Friday, December 7, 2007

Window on Eurasia: Tolerance Courses Fail to Stem Ethnic Violence in Russian Schools

Paul Goble

Vienna, December 7 – Faced with a rising tide of inter-ethnic violence in Russian schools, educators and officials there have introduced special courses designed to promote tolerance. But because such programs lack adequate government funding and the support of parents and teachers, they have done little to remedy the situation.
Moscow Mayor Yuri Luzhkov, to mention only the most prominent official in this area, has backed such courses, saying this week that even a single exposure to lectures by priests, mullahs and rabbit would have a positive impact on Russian children “over the course of their entire lives” (
But an article in yesterday’s Novyye izvestiya entitled “The ABCs of Racism,” suggests it will take more than that. Nina Bazhdayeva writes that one in every ten clashes has an ethnic dimension with ethnic Russian students attacking non-Russians or even those with “non-Slavic appearance” (
In the two capitals, the situation with regard to children as other surveys show is the case with adults is even worse, with 25 to 30 percent of violence in the schools involving pupils of different nationalities, clashes that often result in serious injuries or force the parents of non-Russian students to shift their children to other schools.
Such inter-ethnic clashes are especially common, Bazhdayeva reports, in schools where there is a rapid change in the ethnic mix, the case in many large cities, and among students in their early teens, many of whom are copying anti-minority language and actions they learn about from the Russian media or their parents.
The use of ethnically charged epithets by some pupils or critical remarks about the appearance of other students is often dismissed by teachers as simply typical behavior of students in the seventh and eighth classes, but when people in authority do nothing to rein in these students, they often move from words to real violence.
On the advice of specialists, Moscow city and several other jurisdictions have introduced into the curriculum special courses designed to promote inter-ethnic tolerance. A federal program was stopped a few years ago when the central government decided it cost too much – even though it was spending less than a million dollars a year.
The failure of the central government to maintain such programs is viewed by many as an indication that dealing with such clashes is not a priority for the Kremlin, and a recent study by the Moscow Institute of Sociology found that parents believe that schools should be providing knowledge and discipline rather than anything else.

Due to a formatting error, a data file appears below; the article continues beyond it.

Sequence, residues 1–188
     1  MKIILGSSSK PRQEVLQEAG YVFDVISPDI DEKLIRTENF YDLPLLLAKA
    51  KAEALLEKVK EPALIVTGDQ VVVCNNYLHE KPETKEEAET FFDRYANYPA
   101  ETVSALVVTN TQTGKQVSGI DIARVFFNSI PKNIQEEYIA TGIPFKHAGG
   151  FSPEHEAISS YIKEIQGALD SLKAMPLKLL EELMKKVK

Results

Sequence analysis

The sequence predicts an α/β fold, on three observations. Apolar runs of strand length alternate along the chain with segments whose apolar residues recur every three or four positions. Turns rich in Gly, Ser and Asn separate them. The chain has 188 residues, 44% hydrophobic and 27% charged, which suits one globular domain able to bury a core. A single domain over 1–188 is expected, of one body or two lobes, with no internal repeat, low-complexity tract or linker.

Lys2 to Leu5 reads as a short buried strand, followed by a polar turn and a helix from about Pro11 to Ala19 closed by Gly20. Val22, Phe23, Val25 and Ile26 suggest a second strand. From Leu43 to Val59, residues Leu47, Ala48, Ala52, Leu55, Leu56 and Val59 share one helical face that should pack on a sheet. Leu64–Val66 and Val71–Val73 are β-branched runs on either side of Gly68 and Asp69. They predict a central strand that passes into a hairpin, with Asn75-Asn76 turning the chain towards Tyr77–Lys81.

But because it is no longer possible to ignore such student violence, many officials in the educational establishment and elsewhere are trying to come up with a program that will actually have an impact, fearful that unless they do, today’s xenophobic pupils will grow up to be tomorrow’s xenophobic adults.
Among the places where this effort has taken off are the city of Moscow, with its program for “Capital of Multi-National Russia,” St. Petersburg, and, improbable as it might seem, the “Novyye izvestiya” journalist reports, Grozny, the capital city of the Chechnya.
The newspaper’s correspondent there reported that “although we do not have any cases of inter-ethnic conflicts” in the Chechen capital – the reason almost certainly being that there are few non-Chechen children present -- “we are carrying out prophylactic work in the schools” and periodically hold class sessions on tolerance and respect.
But in most schools across the country, there are no such programs, and consequently, inter-ethnic violence among pupils continues to grow. And Bazhdayeva points to yet another source of this: the attitudes of many teachers and school directors, who often support the “majority” ethnic group – the Russians – against the other.
Consequently, if the schools are to contribute to an improvement in the relationship among various ethnic groups in the Russian Federation as experts still insist is possible, then Moscow is going to have to get involved and introduce “required courses on the teaching of the foundations of tolerance” in teacher-training institutions.
“Only then,” Bazhdayeva concludes, “will arrive in the school a teacher capable of resolving conflicts in multi-ethnic classes in a correct manner.” But the tone of her article suggests that she is quite skeptical about the possibility of this happening. And so there is likely to be more ethnic violence in Russian schools and among adults as well.

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